Mark E. Swirbalus, Esq., Day Pitney LLP
The T&E Litigation Update is a recurring column summarizing recent trusts and estates case law. If you have question about this update or about T&E litigation generally, please feel free to e-mail the author by clicking on his name above.
Rivera v. Mackoul
In Rivera v. Mackoul, Case No. 10-P-1663, 2012 Mass. App. Unpub. LEXIS 120 (Feb. 3, 2012), a decision issued pursuant to Rule 1:28, the Appeals Court affirmed a judgment in favor of an estate planning attorney for fees incurred in a will contest, where the will was determined to be invalid pursuant to an agreement for judgment. The executors and heirs of the estate claimed that the attorney's negligence in preparing the will led to the will contest.
The decision is largely devoid of facts, but the Appeals Court expressly relied on the decision in Logotheti v. Gordon, 414 Mass. 308 (1993), where the Supreme Judicial Court held that (1) the mere foreseeability of harm was insufficient to impose a duty owed to potential heirs by an attorney who drafted a will where the potential heirs would be disinherited by the will, (2) the attorney's duty in drafting the will was to the decedent as his client, and (3) the attorney owed no duty to the heirs, who only inherited by intestate succession, because imposing such a duty would create conflicts of interest. The Appeals Court noted that the law in this area is clear in Massachusetts, and further noted that cases in other jurisdictions reaching the opposite conclusion involved a commonality of interest among the testator and all the devisees that has been frustrated by the attorney's failure to achieve the agreed objective of the testator.
Boyle v. Weiss
In Boyle v. Weiss, Case No. SJC-10933, 2012 Mass. LEXIS 33 (Feb. 16, 2012), the Supreme Judicial Court answered the following certified question: "May the holder of a beneficial interest in a trust which holds title to real estate and attendant dwelling in which such beneficiary resides acquire an estate of homestead in said land and building under G.L. c. 188, § 1?" Confining its answer to the 2004 version of the homestead statute, the Court answered NO.
First, under the 2004 version, the beneficiary is not an "owner," as that term is defined in the statute, because she is not a sole owner, joint tenant, tenant by the entirety or tenant in common. Therefore, she holds no direct ownership interest in the property. Second, her beneficial interest in the trust holding title to the property does not indirectly endow her with an ownership interest. Rather, her beneficial interest, which gives her a right to a share of trust income, is a personal property interest. Third, the language in the statute pursuant to which an estate of homestead may be acquired by someone who rightfully possesses the property "by lease or otherwise" does not give the beneficiary, who is occupying the property as a tenant at will, the privilege of claiming a homestead exemption.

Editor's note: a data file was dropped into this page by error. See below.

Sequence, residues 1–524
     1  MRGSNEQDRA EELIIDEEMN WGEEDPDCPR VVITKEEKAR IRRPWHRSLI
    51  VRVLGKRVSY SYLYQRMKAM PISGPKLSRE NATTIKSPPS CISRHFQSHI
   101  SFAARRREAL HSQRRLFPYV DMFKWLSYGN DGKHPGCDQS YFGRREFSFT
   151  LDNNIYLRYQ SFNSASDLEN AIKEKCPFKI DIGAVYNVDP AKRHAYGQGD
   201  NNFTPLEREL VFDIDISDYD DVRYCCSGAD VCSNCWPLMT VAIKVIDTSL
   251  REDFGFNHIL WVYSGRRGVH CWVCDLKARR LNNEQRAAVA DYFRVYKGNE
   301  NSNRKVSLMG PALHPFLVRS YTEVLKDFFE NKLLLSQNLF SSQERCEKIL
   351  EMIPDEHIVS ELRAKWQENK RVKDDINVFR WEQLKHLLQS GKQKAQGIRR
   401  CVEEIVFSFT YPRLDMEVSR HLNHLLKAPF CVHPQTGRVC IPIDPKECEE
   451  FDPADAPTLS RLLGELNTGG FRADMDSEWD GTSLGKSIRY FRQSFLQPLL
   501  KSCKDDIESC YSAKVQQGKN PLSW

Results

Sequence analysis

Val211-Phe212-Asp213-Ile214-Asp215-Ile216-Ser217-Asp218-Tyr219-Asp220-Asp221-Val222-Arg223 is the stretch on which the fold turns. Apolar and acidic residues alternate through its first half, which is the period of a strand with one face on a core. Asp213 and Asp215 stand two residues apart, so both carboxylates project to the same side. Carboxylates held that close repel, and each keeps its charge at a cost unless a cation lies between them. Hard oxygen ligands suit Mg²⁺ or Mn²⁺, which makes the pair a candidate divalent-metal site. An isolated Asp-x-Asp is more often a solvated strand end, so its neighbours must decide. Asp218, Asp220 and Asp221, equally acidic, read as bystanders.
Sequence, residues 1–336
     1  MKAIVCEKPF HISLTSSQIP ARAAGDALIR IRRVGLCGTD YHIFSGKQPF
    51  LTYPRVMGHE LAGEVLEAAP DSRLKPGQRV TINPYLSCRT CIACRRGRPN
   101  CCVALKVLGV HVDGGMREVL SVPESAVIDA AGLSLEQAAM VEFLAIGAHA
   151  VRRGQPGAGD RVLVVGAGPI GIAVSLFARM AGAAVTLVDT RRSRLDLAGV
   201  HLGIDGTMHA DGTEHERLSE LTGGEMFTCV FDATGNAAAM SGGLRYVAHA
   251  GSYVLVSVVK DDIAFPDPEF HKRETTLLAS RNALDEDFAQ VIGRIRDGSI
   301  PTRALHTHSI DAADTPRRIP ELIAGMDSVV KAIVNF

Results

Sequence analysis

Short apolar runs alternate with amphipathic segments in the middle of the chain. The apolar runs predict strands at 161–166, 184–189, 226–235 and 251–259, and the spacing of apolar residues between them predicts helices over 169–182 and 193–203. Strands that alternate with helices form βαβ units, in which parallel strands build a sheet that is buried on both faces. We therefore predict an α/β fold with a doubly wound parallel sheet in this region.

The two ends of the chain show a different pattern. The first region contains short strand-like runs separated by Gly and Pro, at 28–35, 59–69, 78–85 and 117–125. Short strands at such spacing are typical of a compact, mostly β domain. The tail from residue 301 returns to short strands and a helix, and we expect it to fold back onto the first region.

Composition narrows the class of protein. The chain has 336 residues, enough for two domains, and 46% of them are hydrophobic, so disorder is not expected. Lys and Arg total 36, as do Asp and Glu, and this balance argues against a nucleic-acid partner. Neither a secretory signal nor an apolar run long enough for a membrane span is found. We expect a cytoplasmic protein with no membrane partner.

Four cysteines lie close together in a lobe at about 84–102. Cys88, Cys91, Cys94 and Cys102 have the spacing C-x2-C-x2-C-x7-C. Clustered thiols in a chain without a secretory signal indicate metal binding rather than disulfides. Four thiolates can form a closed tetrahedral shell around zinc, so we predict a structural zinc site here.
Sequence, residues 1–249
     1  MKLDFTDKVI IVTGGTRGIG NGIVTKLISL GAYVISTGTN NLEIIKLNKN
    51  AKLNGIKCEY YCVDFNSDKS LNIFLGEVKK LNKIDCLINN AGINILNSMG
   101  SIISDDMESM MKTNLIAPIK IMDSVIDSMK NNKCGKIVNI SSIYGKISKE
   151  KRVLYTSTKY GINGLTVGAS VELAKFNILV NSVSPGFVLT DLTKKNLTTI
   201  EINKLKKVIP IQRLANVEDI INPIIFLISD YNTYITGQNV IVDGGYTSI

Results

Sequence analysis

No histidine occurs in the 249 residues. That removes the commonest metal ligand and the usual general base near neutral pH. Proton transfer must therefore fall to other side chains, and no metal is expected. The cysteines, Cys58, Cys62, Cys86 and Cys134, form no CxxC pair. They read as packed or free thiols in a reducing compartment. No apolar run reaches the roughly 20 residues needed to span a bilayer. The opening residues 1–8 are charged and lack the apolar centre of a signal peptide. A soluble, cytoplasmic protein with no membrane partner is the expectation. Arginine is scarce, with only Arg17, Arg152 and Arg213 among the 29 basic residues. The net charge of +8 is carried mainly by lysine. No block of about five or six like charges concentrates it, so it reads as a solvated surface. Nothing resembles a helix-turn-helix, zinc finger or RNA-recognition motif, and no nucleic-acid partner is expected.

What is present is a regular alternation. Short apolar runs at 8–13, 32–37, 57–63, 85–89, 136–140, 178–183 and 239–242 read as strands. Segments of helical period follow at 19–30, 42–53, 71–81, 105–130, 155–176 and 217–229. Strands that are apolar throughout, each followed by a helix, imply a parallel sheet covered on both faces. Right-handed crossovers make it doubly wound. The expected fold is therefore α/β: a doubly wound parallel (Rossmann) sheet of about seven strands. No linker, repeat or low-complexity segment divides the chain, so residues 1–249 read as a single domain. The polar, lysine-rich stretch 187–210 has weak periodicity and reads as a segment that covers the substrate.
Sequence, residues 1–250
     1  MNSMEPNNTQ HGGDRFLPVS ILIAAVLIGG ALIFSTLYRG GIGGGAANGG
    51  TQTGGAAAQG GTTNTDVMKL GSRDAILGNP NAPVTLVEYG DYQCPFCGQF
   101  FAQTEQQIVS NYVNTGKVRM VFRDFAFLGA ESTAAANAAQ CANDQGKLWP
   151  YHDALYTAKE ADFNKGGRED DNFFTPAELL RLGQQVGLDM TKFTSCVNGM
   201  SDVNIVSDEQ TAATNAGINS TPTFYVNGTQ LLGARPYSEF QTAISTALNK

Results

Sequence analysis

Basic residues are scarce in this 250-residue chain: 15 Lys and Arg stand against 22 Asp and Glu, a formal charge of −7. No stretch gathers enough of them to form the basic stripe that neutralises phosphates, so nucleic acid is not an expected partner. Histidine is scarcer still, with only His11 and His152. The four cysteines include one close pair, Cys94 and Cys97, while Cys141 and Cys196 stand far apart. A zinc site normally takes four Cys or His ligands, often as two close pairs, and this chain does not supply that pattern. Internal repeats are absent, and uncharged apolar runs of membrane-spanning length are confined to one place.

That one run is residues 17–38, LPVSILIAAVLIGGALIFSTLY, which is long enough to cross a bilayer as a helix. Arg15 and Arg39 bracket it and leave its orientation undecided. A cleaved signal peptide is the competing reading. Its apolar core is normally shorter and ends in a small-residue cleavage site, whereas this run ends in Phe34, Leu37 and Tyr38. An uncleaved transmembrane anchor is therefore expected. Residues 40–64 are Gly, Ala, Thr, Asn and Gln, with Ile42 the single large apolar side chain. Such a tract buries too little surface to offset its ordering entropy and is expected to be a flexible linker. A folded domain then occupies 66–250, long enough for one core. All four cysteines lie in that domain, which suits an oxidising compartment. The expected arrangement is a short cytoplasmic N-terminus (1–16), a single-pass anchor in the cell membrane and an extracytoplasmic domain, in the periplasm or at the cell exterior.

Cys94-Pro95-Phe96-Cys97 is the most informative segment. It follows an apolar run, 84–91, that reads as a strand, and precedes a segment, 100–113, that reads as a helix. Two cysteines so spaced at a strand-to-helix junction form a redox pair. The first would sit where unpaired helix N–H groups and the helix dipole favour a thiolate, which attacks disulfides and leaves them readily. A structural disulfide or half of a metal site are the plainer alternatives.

Finally, the Court rejected the beneficiary's argument that the 2010 version of the homestead statute, which expands the definition of "owner" to include holders of life estates and holders of beneficial interests, was a mere clarification of the 2004 version. Instead, the Court held that this expanded definition is a change in the law to which the beneficiary could not avail herself, because she filed her homestead declaration one year before the 2010 version went into effect.
Cassell v. Christian Science Board of Directors
In Cassell v. Christian Science Board of Directors, Case No. 11-P-453, 2012 Mass. App. Unpub. LEXIS 173 (Feb. 15, 2012), a decision issued pursuant to Rule 1:28, the Appeals Court affirmed the probate court's dismissal for lack of subject matter jurisdiction.
Plaintiff was excommunicated from the First Church of Christ, Scientist. She filed suit in probate court against members of the church's board of directors, seeking reinstatement and an affirmative injunction that the board "abide by all terms and conditions of the Governing Documents, including the Deeds of Trust and Church Manual." Plaintiff argued that probate court was the proper forum for her complaint because Mary Baker Eddy founded the church as a trust, pursuant to a deed of trust, and thus that the board consists of trust fiduciaries.
The probate court disagreed, and the Appeals Court affirmed, holding that Mary Baker Eddy's deed of trust was for the purpose of conveying land, not to establish judicial policing of church membership. The Court also held that excommunication is a form of internal discipline covered by the "church autonomy doctrine," which provides that both congregational and hierarchical churches are entitled to autonomy over church disputes touching on matters of doctrine, canon law, policy, discipline and ministerial relationships, and that the First Amendment forbids courts from interfering with a church's internal governance or the excommunication of its members.
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